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High Fashion, Low Function: With Google Glass and iWatch, the Tech Industry Overestimates Itself

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Consumers might adore all things nerdy right now, but here's why our love affair with gadgets won't extend to wearable tech.

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Every year, Gallup polls Americans about their favorite industry, and it's a beauty pageant that Silicon Valley rarely loses. In 2012, the results were even more lopsided than usual; a remarkable 73% of respondents gave computer technology companies a positive rating, with the restaurant industry placing a distant second at 59%.

This popularity is both increasing, and increasingly visible. Tech has been booming for three decades, but it wasn't until 2010's The Social Network that Hollywood gave the industry big-screen treatment. In the '90s, flicks like Pirates of Silicon Valley were cannon fodder for cable networks. Today, it's entirely natural that the Sundance Festival should close with a biopic about Steve Jobs, and that he should be performed by celebrity-actor-dude Ashton Kutcher.

"Geek Pride Day" has become a thing, and geek-chic glasses a national obsession. Justin Bieber regularly sports them, and so does Rihanna – who just replaced him as YouTube's most-watched-person-ever. A Google search for "fake nerds" will convince you that, not only are they a problem, they're an epidemic. The Wall Street Journal tells us that Ivy League graduates are choosing tech over finance, and nine months after leveraging Big Data into a huge electoral win, president Obama recently announced his intention to remake Washington in the tech industry's image, "user-friendly" and "digitally accessible."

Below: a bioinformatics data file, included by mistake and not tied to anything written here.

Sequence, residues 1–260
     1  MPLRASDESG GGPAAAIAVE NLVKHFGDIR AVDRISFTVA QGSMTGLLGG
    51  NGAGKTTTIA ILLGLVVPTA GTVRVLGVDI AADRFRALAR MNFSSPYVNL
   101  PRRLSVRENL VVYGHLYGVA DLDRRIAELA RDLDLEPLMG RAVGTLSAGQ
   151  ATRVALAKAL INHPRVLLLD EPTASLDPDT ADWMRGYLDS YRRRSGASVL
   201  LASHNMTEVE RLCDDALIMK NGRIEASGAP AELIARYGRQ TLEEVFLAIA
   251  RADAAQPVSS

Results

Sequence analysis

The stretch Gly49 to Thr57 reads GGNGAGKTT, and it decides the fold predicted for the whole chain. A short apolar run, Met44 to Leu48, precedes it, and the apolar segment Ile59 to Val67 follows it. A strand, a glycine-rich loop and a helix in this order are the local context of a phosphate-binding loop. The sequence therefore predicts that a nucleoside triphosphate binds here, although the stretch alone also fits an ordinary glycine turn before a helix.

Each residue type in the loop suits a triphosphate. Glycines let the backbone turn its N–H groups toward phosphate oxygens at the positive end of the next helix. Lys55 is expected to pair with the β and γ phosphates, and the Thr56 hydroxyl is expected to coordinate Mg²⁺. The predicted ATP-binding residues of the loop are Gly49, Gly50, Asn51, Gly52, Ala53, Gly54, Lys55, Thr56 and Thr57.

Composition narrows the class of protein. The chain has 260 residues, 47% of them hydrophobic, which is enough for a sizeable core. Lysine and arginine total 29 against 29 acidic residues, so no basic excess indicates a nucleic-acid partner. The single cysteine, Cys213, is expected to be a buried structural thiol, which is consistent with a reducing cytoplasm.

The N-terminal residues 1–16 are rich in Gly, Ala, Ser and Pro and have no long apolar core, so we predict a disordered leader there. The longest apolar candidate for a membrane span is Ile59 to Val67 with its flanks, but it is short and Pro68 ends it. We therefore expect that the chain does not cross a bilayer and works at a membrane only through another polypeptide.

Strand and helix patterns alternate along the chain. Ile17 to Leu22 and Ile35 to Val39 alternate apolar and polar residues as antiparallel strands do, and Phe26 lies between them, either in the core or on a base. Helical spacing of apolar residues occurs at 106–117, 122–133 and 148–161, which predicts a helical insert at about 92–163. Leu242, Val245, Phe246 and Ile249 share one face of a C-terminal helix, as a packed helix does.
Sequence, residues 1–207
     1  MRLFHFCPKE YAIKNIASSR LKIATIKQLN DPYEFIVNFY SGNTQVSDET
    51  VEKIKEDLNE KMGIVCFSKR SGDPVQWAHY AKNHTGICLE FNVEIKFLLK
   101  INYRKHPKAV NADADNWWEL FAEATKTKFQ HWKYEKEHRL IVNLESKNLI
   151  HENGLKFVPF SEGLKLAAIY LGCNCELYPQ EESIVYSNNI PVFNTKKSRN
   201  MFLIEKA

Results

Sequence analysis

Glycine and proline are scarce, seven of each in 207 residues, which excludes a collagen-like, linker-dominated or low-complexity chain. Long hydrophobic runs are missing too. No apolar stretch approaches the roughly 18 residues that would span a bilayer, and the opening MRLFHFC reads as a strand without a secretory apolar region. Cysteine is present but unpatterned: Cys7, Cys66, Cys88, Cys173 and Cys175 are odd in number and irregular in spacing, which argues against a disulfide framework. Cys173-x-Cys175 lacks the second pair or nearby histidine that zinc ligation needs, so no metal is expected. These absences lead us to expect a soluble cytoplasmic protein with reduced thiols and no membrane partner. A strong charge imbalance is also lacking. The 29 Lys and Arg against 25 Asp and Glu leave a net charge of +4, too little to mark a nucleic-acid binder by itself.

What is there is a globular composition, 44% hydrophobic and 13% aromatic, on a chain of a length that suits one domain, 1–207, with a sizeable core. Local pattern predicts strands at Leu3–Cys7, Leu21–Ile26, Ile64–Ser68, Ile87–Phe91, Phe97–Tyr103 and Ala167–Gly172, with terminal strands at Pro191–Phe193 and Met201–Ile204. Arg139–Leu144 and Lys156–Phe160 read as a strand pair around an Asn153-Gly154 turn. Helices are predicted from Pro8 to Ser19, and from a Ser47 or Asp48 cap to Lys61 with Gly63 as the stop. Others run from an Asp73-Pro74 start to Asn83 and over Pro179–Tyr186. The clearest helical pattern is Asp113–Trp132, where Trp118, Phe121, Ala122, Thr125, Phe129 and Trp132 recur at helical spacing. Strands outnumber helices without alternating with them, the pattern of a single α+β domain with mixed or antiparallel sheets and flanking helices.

If ever there was a time for wearable technology to go mainstream – for it to escape the social stigma of calculator watches and sci-fi fantasy – it would seem to be now. Google (NASDAQ:GOOG) made waves when it introduced Glass, a head-mounted quasi-smartphone. Rumors of an Apple (NASDAQ:AAPL) iWatch have circulated all year, and have been vindicated in recent weeks as the company moved to trademark the name. Sony (NYSE:SNE) released a smartwatch last year, Foxconn (TPE:2354) announced one last month, and both Google and Samsung (OTCMKTS:SSNLF) are reportedly working on devices of their own. Even Dell (NASDAQ:DELL) is looking to enter the market, so there's little question that wearable tech has become fashionable among tech companies.

But what about consumers? Glass isn't due for release until next year, and the Pebble smartwatch just hit stores last week. The only device to have so far tested the market – Sony's Android-powered watch – barely made a dent. A poll taken by BiTE Interactive found that only one in 10 Americans said they would regularly wear Google's headset, with nearly half fearing that it would be "socially awkward" or "irritating." A columnist at Apple Insider summed up his experience using Glass as "a series of awkward encounters."